HR futures: Waiting for a new trend to emerge

Written by Gaby Ain

Week over week, the futures curve saw minimal change. In the chart below, we compare last week (blue) to today (white). The overall shape remains consistent, indicating an unchanged market view—with the first two months (June and July) slightly lower, while September ticked up and is still pricing in a bottom in June. Looking back a month (red), the overall curve has a similar shape, but has notably shifted downward. A reasonable conclusion for a shift rather than a change in shape is because the market is being driven by demand, which has been soft, or certainly softer than anticipated going into the spring.

Furthermore, the chart below shows pricing for the current active month (June), which traded at its lowest level on record ($756) on May 13. Interestingly, if we disregard the brief drop and recovery, today’s close for the June contract would be its all-time low. This bottom also coincides with when open interest peaked, showing that market participants started closing down positions.

Continuing along with open interest, an interesting development emerged over the week with Money Managers (below). They now represent 7% of total open interest, their highest share since November 2023. Although they remain net short (white line), a divergence is occurring between their long (blue) and short (red) positions. Long positions have held up at levels last seen in January, while short positions are approaching levels from October 2023. This simultaneous growth in long and short positions underscores the fact that the most speculative participants have not only increased activity, but strongly hold differing market perspectives – resulting in increased overall uncertainty of market direction.

Finally, and inevitably, all bright beginnings eventually fade, as the novelty wears off and the new becomes the everyday with Nucor’s weekly price, the Consumer Spot Price (CSP). From its conception to now, the front of the futures curve clearly awaits the Monday release, whereas in the physical market it may be losing luster. This reverts to what is happening in the fundamentals, which indicate soft demand. Domestic lead times are so-so, spot pricing continues to slide, and steel-sector specific economic data has been disappointing. All of this with currently elevated levels of profitability. Inventories are healthy, further signaling that there is not enough demand to chew through the flood of imports and the up-ticking domestic production levels. Thus, the divergence in physical and financial may be due to the upcoming stalemate we are approaching. Mills are saying they are comfortable with orders, while buyers are saying they are comfortable with their inventories. These two narratives can only coexist for a brief period. It is just a matter of time before one “blinks first” and a new trend emerges.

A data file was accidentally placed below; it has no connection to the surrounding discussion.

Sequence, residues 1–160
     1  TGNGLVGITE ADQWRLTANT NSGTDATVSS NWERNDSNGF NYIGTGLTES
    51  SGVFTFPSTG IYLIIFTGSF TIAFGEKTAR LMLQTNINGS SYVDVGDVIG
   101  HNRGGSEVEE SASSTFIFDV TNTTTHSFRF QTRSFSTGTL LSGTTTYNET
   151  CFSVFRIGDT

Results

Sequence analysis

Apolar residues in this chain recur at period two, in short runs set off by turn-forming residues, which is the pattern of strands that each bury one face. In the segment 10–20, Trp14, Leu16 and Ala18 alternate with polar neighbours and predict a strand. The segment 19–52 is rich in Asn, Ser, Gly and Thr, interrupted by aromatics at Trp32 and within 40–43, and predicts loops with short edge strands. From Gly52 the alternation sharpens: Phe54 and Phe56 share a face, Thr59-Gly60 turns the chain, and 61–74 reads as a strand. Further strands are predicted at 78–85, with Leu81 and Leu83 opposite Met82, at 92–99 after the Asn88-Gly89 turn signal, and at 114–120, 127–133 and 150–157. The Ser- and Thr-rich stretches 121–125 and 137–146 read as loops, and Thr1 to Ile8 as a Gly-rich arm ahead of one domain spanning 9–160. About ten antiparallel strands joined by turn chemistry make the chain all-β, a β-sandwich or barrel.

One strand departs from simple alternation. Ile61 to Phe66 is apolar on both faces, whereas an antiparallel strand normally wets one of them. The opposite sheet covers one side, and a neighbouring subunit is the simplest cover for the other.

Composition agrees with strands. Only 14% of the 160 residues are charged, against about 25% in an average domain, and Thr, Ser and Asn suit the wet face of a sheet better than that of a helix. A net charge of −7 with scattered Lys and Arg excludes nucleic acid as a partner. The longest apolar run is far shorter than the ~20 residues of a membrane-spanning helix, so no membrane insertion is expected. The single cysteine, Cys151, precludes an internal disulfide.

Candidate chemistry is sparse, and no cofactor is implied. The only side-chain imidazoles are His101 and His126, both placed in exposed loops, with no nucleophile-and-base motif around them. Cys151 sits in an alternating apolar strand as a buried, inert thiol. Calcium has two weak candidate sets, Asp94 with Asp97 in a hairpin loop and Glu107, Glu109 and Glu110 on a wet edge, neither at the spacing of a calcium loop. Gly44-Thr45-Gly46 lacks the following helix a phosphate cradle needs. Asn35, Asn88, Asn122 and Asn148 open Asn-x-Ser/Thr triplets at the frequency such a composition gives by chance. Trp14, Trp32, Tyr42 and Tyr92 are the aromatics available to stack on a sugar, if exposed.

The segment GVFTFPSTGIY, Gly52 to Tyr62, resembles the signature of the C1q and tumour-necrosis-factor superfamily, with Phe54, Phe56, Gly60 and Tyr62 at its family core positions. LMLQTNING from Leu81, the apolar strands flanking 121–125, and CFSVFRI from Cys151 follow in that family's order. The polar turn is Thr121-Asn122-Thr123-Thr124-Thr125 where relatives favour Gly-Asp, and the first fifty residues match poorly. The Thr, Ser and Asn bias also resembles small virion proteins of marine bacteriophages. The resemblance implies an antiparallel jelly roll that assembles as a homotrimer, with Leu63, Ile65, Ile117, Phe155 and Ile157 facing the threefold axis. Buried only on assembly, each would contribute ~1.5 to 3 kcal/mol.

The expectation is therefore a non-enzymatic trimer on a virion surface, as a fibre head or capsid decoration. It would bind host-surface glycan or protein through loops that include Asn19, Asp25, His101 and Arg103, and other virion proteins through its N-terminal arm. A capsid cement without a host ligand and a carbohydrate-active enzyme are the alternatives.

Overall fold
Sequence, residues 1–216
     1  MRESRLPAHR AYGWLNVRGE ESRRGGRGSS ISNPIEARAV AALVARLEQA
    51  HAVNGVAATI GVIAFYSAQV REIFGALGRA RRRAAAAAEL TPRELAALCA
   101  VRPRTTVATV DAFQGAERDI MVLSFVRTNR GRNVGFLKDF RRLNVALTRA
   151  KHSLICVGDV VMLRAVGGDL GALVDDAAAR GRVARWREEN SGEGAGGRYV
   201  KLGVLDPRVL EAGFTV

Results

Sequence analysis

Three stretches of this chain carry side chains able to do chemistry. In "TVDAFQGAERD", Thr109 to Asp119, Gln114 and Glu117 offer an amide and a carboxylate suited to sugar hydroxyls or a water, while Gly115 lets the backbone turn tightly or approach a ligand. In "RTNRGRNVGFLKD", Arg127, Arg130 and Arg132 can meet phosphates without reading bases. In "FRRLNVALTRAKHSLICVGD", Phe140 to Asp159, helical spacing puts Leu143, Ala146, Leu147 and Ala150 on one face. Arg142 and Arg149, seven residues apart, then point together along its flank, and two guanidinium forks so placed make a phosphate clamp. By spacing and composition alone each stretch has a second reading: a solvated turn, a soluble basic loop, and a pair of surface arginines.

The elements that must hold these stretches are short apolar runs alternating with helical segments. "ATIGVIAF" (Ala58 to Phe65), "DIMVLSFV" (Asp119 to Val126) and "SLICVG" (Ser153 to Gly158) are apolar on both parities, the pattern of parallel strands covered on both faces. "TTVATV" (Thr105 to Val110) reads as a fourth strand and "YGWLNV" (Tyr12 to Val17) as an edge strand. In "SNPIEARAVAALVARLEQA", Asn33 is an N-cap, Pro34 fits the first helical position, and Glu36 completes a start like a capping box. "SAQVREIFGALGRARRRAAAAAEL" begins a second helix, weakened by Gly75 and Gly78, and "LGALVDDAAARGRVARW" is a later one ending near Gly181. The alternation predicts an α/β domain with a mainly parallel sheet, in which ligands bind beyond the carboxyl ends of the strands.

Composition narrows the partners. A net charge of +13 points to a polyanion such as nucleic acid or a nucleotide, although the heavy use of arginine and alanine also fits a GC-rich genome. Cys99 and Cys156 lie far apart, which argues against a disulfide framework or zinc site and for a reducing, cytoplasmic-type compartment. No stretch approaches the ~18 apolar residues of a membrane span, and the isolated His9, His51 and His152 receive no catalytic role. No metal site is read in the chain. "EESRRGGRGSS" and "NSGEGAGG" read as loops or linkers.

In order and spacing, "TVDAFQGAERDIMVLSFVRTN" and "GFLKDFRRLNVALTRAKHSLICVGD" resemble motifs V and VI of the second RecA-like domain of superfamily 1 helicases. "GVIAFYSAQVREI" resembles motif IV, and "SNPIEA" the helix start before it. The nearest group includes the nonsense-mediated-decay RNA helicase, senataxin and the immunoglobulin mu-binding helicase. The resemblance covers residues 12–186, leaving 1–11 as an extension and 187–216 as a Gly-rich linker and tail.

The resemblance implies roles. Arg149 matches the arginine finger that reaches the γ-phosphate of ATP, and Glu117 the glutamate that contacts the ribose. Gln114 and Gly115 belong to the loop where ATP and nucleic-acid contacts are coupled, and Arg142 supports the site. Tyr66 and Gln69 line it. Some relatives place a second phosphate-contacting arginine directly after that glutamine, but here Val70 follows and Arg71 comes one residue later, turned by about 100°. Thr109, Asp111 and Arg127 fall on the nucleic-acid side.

Disclaimer: The content of this article is for informational purposes only. The views in this article do not represent financial services or advice. Any opinion expressed by Flack Global Metals or Flack Metal Bank should not be treated as a specific inducement to make a particular investment or follow a particular strategy, but only as an expression of his opinion. Views and forecasts expressed are as of date indicated, are subject to change without notice, may not come to be and do not represent a recommendation or offer of any particular security, strategy or investment. Strategies mentioned may not be suitable for you. You must make an independent decision regarding investments or strategies mentioned in this article. It is recommended you consider your own particular circumstances and seek the advice from a financial professional before taking action in financial markets.

Gaby Ain

Read more from Gaby Ain

Latest in Futures